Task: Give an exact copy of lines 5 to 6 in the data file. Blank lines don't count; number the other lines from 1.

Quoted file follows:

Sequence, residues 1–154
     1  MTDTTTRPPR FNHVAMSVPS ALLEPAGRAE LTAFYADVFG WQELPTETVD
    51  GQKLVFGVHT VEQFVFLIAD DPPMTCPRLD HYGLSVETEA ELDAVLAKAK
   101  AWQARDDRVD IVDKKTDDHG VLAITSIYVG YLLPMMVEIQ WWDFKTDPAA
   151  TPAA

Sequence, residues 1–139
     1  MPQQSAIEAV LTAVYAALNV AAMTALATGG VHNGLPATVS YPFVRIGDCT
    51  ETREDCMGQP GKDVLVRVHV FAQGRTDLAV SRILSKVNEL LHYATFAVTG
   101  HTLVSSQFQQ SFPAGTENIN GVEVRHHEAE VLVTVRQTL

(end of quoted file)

   151  TPAA

Sequence, residues 1–139